Ken Burns never begins a project with a specific intention. Yet, it seems, each one of his epic historical docuseries — whether it examines the Civil
Ken Burns never begins a project with a specific intention. Yet, it seems, each one of his epic historical docuseries — whether it examines the Civil War or baseball — ends up speaking to the current moment.
“Please tell me why that is — it’s been [happening] my entire life,” says the 66-year-old filmmaker with a chuckle, before referring to a favorite Mark Twain quote that “history doesn’t repeat itself, but it rhymes.”
The latest echoing intersection between then and now comes in the form of Country Music, directed by Burns and co-produced with writing and producing partners Dayton Duncan and Julie Dunfey, which will air across eight nights on PBS beginning Sept. 15.
“Our intention is to just tell stories,” says Burns. “We don’t have a political or another agenda. We do know that a by-product of a deep dive helps to rescue whatever the subject is from the barnacles of sentimentality that get encrusted around it.”
Over the course of the series, Country Music chronologizes instruments (fiddle, banjo, guitar), movements (countrypolitan, outlaw, neo-traditional), and artists (from Hank Williams to Garth Brooks) in the familiar Burns style– complete with Peter Coyote narration– and winds up explicating the roots of a genre that has traveled from walking the line to riding the old town road.
In the early episodes, the considerable and sometimes overlooked African-American contribution to the genre is deeply explored. “It’s not ‘politically correct’ to tell this story,” Burns says. “It’s actually correct to tell this story.
“Everybody who’s foundational [to the genre]—A.P. Carter, Jimmie Rodgers, Hank Williams, Bill Monroe, and Johnny Cash—all have African-American tutor[s]. The banjo is from Africa. Let’s stop pretending that [country music] is only one thing,” he says.
“Once we separate the wheat from the chaff, once you start talking about what the essence is of country music, the pickup trucks and the hound dogs and the good old boys and the six-packs of beer fall away in favor of incredibly deep things…the joy of birth, sorrow at death, a broken heart, jealousy, anger, rage, trying to get right with God, ‘look what my old lady did to me,’ ‘look what I did to my old lady.’ All of those things are elemental human emotions, and country music is as good, if not better [at expressing those emotions], than any other form because it’s three chords and the truth.”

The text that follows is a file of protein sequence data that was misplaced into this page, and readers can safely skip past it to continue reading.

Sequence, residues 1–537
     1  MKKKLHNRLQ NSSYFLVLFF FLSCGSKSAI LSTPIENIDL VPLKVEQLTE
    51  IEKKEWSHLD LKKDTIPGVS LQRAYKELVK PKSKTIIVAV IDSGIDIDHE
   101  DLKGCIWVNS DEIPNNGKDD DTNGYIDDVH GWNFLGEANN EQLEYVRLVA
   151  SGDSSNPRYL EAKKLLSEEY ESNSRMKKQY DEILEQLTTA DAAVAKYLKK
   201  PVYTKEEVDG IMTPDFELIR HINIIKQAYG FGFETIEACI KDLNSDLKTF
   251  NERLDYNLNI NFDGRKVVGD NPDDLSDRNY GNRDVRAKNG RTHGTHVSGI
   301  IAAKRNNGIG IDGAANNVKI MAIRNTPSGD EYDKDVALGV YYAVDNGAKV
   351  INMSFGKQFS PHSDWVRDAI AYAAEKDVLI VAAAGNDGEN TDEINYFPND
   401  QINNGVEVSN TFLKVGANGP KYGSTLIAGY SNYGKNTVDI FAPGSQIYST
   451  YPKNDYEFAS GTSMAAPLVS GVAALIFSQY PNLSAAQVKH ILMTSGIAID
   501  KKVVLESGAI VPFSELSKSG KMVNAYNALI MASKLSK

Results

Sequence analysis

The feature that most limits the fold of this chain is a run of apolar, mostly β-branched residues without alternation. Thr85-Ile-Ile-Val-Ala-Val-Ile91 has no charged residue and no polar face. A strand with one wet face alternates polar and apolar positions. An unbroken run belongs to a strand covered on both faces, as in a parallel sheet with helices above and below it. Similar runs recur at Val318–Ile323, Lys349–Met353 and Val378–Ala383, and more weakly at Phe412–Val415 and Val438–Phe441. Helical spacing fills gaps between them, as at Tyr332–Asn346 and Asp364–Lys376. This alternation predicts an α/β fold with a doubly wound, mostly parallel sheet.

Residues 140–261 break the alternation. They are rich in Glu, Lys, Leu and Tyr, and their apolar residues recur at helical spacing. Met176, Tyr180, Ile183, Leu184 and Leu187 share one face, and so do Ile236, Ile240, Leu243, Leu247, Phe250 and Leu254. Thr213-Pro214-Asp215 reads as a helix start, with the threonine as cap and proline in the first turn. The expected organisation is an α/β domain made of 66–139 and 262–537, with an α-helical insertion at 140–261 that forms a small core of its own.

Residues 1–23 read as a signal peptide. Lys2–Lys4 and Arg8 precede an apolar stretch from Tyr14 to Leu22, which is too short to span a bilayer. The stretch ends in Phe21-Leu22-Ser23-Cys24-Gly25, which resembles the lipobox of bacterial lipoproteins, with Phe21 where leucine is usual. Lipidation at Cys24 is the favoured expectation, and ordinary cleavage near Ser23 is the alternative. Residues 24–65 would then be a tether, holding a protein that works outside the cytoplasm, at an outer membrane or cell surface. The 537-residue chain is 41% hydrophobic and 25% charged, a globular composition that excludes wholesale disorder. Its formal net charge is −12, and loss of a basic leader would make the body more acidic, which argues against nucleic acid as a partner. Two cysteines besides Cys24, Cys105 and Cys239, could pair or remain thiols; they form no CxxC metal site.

Calling the genre “source material for the soul,” Rosanne Cash, one of the film’s talking heads and one of its many subjects—as is, of course, her dad, Johnny—believes the doc will be revelatory to viewers in that country music is “part of the American collective unconscious, whether you realize it or not.”
And for anyone in the “anything but country” camp, Burns has a conversion story to share. “I had a guy come into a screening. He goes, ‘Ken, I’ve loved everything you’ve done, but country music…’ He shakes his head. I said, ‘Okay, just give it a chance.’ By episode 8, he’s sobbing. He continues to apologize. He’s now steeped in country music. And that’s what we’re finding.”
Vince Gill, a frequent presence throughout the series, sums it up: “The telling of this history, finally, by [Ken], I think is going to completely annihilate people in how wrong they’ve been about their perception of this music. I think we’re going to finally get the respect that we’ve never had from the people that weren’t really steeped in it and don’t understand the history.” Adds Burns: “Vince, in our last episode, says, ‘All I’ve ever wanted out of music is to be moved.’ That’s all I’ve ever wanted out of filmmaking. The fact that I’ve had the privilege of working…to make a film about music that moves you, in a medium in which emotions are at the heart—that’s it.”
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